No big names revealed in D.C. escort scandal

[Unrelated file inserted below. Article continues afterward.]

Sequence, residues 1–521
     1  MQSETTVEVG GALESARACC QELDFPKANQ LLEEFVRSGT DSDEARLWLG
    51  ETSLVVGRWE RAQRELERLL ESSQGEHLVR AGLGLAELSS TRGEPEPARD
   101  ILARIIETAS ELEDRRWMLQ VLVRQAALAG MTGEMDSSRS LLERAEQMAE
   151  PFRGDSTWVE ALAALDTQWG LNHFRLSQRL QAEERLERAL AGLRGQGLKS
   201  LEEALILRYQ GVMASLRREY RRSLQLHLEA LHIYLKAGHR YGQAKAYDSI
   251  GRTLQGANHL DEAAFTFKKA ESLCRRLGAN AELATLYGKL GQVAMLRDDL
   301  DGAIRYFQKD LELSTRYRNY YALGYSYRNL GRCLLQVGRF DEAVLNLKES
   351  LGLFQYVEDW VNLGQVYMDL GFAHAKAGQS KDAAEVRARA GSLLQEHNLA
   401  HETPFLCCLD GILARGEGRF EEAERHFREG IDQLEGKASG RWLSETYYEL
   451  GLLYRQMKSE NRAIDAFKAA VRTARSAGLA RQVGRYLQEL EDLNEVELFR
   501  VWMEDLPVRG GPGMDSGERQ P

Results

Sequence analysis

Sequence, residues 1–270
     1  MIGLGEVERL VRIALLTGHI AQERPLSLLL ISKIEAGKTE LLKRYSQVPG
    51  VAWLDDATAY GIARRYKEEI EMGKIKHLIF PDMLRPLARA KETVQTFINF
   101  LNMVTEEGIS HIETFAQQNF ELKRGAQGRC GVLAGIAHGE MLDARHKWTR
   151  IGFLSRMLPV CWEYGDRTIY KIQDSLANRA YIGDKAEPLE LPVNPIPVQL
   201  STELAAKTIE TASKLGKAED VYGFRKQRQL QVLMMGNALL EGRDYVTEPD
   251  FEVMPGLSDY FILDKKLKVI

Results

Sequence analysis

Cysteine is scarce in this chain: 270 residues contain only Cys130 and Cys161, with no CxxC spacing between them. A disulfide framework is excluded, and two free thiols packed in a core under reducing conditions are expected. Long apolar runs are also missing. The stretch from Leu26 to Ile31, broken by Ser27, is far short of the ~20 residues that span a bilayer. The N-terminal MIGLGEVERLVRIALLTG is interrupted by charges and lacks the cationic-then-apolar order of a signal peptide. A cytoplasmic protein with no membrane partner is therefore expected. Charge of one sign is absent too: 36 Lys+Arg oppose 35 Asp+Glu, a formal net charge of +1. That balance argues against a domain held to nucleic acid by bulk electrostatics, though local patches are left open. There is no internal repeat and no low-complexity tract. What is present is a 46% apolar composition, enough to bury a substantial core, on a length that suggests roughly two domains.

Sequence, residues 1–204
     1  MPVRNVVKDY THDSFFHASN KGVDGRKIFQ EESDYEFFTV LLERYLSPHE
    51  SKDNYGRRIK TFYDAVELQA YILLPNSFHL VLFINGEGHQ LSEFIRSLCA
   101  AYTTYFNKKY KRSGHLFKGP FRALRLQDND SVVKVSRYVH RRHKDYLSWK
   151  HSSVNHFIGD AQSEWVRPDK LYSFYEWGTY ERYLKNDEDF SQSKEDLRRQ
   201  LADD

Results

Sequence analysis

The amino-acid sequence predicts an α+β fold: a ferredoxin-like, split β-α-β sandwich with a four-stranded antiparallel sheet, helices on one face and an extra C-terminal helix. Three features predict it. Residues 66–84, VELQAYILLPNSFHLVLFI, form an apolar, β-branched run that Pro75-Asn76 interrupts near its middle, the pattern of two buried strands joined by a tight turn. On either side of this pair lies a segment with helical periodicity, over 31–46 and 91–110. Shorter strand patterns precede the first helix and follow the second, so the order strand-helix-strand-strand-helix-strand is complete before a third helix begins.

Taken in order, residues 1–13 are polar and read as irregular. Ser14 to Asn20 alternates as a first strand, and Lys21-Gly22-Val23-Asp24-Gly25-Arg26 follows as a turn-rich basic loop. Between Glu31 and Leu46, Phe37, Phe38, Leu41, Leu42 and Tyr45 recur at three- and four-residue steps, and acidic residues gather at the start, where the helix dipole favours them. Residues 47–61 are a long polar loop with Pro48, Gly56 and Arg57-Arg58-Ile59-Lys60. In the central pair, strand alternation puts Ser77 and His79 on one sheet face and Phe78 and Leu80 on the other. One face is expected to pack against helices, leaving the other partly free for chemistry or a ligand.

first_imgWASHINGTON – No new high-profile clients were identified Friday night when a woman accused of running a Washington, D.C.-area prostitution ring revealed details about her business in a television interview. Deborah Jeane Palfrey supplied the ABC newsmagazine “20/20” with 46 pounds of phone records from her escort service, Pamela Martin and Associates, in hopes that its investigation would ferret out clients who would testify that they did not engage in sexual activity with the women Palfrey employed. Palfrey did identify one of her escorts, a former university professor who later committed suicide after being charged with prostitution, but did not drop any client names. Some of the phone records could be tracked to prominent business executives, NASA officials, at least five military officers and exclusive neighborhood mansions, according to the ABC report. But there were no members of Congress or White House officials traced through Palfrey’s records. “I was selling fantasy sex,” Palfrey said. When asked whether some of her women may have broken her rules and engaged in illegal sex acts, Palfrey said, “I sure hope not.” Palfrey, 51, of Vallejo, Calif., is charged in federal court with racketeering and money laundering associated with prostitution. She said she ran the business from her laundry room. “These were not cheap women. These were very nice women who just needed to make a few extra dollars,” Palfrey said. The most prominent client of Palfrey’s business was senior State Department official Randall Tobias, who resigned from his post last week after ABC confronted him about his use of the service. Tobias previously directed international AIDS relief programs for the Bush administration that promote abstinence and require grant recipients to sign a pledge opposing prostitution. Tobias has said he obtained massages but denied having sex with the escorts. The Indiana University School of Law at Indianapolis said Thursday that he canceled plans to give a May 13 commencement speech. In court papers filed last month, Palfrey named Harlan Ullman, known as an author of the “shock and awe” combat strategy, as a regular customer. Ullman’s attorney, Marc Mukasey, said Friday that Palfrey should not assume that Ullman will give helpful testimony on her behalf. He declined to elaborate.160Want local news?Sign up for the Localist and stay informed Something went wrong. Please try again.subscribeCongratulations! You’re all set!last_img

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